The United Kingdom, and London in particular, is home to the most expensive property market in Europe after Monaco. For a generation of young people who have seen homeownership become unattainable, the idea of ââa significant drop in prices is inconceivable.
But in a time of inconceivable – a global pandemic, Christmas turkey shortages, Kanye West releasing his album when he said he would – could house prices be next?
I asked Professor Danny Dorling, a social geographer at the University of Oxford.
Is it me or does everyone like to say they bought at the wrong time?
We are British, no one will say, “I bought at exactly the right time and made an absolute fortune!”
Somebody said that for me Last week.
They might be right. There is a chic, narrow house that cannot be enlarged on a canal in Amsterdam where records of every sale have been kept. So we can see how it fluctuates and whether it is more or less than double a person’s average income, for example. It reached its peak almost 200 years ago. It is possible that we are currently at a peak, where prices may not recover for 200 years if there is a crash.
But what if there is no crash?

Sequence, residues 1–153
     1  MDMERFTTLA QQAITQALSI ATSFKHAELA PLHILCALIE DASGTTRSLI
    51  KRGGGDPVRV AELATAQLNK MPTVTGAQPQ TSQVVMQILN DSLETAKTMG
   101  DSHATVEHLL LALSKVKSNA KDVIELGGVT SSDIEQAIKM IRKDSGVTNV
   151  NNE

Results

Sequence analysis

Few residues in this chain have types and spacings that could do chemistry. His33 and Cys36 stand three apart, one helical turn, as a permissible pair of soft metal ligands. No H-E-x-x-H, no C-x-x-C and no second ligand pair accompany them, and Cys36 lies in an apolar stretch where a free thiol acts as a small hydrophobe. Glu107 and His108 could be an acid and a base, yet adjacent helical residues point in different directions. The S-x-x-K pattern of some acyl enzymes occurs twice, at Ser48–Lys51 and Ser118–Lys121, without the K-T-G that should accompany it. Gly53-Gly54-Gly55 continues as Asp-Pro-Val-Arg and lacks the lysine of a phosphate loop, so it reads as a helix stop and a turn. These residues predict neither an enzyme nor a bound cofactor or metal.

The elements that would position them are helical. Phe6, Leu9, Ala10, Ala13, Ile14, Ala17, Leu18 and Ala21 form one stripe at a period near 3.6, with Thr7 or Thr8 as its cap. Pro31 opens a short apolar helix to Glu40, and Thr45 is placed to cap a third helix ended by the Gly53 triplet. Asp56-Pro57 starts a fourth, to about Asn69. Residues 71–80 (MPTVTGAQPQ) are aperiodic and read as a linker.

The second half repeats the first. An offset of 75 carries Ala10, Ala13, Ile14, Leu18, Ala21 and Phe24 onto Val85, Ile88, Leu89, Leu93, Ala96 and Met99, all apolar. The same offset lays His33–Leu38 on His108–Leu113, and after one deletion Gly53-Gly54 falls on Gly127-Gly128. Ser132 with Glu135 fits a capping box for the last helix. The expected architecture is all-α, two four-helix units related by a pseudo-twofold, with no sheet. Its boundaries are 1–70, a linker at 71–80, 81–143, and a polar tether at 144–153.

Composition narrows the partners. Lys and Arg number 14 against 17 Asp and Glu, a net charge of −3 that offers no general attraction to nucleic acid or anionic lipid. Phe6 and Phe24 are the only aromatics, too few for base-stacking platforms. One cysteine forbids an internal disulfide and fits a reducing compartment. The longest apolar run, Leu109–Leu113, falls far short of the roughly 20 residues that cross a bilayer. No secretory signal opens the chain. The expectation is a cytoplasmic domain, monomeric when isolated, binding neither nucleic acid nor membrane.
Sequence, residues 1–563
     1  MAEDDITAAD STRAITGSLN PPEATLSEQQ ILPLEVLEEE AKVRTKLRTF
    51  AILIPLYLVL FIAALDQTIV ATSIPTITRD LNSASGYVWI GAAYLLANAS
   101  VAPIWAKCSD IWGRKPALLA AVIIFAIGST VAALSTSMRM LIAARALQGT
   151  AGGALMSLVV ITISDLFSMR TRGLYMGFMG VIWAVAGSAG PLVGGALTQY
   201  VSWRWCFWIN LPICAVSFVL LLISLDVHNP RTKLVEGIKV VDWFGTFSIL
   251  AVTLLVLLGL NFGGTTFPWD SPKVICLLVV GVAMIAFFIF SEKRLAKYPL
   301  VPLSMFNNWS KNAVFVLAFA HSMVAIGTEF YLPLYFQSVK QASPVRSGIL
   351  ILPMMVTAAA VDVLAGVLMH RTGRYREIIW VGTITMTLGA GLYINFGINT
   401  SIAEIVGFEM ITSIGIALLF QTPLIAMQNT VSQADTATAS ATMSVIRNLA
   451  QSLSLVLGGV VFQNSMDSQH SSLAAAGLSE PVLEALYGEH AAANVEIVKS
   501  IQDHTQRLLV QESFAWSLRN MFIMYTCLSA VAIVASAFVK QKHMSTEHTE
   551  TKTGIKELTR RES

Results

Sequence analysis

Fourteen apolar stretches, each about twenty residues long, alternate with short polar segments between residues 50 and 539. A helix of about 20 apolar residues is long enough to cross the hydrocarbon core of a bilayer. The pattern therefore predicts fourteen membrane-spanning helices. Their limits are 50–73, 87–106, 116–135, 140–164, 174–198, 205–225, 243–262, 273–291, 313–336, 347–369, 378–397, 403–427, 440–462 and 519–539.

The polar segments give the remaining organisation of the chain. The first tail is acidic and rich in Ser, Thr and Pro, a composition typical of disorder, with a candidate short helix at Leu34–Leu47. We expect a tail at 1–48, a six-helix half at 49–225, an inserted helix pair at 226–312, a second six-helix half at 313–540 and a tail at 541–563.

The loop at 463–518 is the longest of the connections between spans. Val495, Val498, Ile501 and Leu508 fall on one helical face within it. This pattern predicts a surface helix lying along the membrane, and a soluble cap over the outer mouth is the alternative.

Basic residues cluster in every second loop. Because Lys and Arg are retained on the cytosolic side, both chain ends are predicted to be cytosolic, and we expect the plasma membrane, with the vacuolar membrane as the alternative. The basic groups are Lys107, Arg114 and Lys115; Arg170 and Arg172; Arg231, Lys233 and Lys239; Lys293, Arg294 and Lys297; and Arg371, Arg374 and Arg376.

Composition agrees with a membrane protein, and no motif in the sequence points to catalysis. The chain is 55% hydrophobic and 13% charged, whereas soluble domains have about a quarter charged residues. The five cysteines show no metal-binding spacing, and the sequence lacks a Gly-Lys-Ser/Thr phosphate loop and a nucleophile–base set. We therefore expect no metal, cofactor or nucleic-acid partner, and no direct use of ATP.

There will be a fall. There always is.
When? Stronger for millennials in the back, please!
It’s more difficult to predict. But it will be substantial, because we have built such high prices. The worry for your generation is that if you’ve managed to climb the ladder by paying God knows how much and the bigger one comes, you won’t have any wealth. I often wish people would think about this when shopping, but then again, what else can they do? Continue to pay an owner to take cruises?
Could the government stop – or at least slow down – a crash?
It’s already the case. Consult the Purchase Assistance, which helped to support a demand for the supply. It was only for new builds because there wouldn’t be enough people to buy them otherwise. And that would cause prices to drop.
is it possible to help a generation stuck in a precarious rental without much people enter negative equity?
We could restore the right for people to stay longer in rentals, which the government stopped in the 1980s. In Germany, they can’t just increase the rent to get a tenant out; the landlord must redeem the tenant.
How would rent controls make house prices more affordable?
They reduce the amount of profit that can be made from the housing and therefore the house is worth less to an owner. The problem is the unpredictability, as if it were suddenly breaking down. Ideally, house prices would fall 1% below inflation per year over 40 years, and as people pay off more with their mortgages, they wouldn’t end up in negative equity.
it looks complicated and up risk.
I grew up in Oxford and remember a time when a mechanic could buy a house in his twenties. It’s possible. And I understand why people are worried about house prices going down. Someone your age told me recently that his apartment would guarantee he could turn on the heat at an old age. But you only have the money once you sell, and the next twenty years won’t have the money to buy from us like that. Ultimately, we are one of the most unequal countries in Europe. It cannot go on forever.